Home Hotel Connect GST levy will stunt budget hotels recovery in India, says GlobalData

GST levy will stunt budget hotels recovery in India, says GlobalData


Following the news that the Indian Goods and Services Tax (GST) Council has levied a 12 per cent tax on small hotels and accommodation facilities charging room rent up to INR1,000 ($12.5) per day effective from 18 July 2022.

Anjali Singh, Consumer Analyst at GlobalData, a leading data and analytics company, offers her view:

“The move will deal a heavy blow to India’s budget hotel industry, which saw annual revenues nosedive by 70 per cent in 2020 due to COVID-19. However, the intensive national vaccination program and the subsequent easing of COVID-19 restrictions boosted consumer confidence and the hotel industry recovered in 2021. This positive consumer sentiment carried over into 2022, with 51 per cent of Indian respondents in GlobalData’s Q2 2022 survey describing their spending on hotels and accommodation as being quite/very high, compared to 49 per cent of respondents in the Q1 2022 survey.

“The revival in domestic tourism has fueled the demand for affordable leisure and homestay accommodations, thereby spurring the recovery of the budget hotels. Consequently, the overall revenue of the Indian budget hotels skyrocketed annually by 147 per cent in 2021. The average daily rate of budget hotels also rebounded by 15.4 per cent in 2021.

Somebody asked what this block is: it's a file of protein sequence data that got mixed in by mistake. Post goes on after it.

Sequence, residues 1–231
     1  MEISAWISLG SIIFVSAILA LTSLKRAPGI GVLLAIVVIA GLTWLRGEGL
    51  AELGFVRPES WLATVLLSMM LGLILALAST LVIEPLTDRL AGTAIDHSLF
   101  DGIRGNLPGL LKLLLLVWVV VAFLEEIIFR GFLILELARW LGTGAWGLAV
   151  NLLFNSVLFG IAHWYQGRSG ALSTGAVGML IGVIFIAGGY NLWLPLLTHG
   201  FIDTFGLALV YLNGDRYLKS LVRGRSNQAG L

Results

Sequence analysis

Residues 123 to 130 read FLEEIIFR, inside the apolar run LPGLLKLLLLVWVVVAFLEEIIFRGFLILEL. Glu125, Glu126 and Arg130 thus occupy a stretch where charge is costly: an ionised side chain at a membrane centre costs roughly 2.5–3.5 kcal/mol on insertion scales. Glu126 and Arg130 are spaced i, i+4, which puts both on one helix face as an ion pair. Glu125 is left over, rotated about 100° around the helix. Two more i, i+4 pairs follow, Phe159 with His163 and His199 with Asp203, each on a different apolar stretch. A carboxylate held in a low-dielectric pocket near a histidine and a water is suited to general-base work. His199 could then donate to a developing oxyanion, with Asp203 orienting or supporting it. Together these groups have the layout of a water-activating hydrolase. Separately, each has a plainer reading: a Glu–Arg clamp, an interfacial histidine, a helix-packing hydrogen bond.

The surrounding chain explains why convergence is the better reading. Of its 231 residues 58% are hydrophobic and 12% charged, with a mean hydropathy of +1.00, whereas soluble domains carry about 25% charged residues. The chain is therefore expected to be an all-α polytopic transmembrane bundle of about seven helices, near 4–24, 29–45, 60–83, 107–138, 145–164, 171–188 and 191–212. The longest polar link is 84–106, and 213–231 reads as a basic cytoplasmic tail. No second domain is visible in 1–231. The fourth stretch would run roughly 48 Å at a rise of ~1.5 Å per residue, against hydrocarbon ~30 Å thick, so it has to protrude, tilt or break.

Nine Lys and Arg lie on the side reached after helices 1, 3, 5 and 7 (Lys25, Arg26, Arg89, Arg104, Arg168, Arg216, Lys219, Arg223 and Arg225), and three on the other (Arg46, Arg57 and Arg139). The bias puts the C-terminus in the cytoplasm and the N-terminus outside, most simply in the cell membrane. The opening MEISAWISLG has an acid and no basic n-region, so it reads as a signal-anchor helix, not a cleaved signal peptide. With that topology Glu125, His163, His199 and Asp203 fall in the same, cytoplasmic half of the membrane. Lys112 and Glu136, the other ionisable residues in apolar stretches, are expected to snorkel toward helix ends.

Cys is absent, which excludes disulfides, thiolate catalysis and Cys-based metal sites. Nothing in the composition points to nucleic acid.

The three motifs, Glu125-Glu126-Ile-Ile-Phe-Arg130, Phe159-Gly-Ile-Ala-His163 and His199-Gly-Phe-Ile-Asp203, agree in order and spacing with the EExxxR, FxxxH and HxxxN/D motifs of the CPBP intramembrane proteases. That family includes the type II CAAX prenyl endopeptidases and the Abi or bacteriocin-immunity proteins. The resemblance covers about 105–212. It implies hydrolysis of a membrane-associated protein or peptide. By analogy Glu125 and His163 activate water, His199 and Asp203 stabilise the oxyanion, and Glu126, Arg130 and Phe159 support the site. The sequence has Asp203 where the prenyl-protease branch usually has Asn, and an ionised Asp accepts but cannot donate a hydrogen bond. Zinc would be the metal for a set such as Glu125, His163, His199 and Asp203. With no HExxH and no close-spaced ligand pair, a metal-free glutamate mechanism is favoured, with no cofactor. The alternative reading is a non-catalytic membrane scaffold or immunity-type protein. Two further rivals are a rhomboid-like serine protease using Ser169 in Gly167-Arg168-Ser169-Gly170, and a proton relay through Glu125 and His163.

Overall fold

GST levy will stunt budget hotels recovery in India, says GlobalData

“However, the GST Council’s decision to impose a 12 per cent tax on hotels, lodges and clubs with daily room rent of INR1,000 ($12.5) or less will push up the overall travel costs for low-budget guests, who are already tackling spiraling food and fuel inflation. As a result, guest traffic will be redirected to small-scale hotels with annual revenues under INR2 million ($25,067), which are exempted from GST. In areas where such facilities are insufficient or inadequate, travellers may be tempted to seek unregulated accommodation, or even curtail their travel plans.

“The hike in room rent will thereby disrupt the recovery of budget hotels, many of which are on the brink of permanent closure during the peak of the pandemic. However, the overall Indian hospitality sector will grow in 2022 as domestic travel increases. Staycations, pilgrimages, weekend leisure trips, and social gatherings are once again becoming a part of life for most Indians after a two-year hiatus.”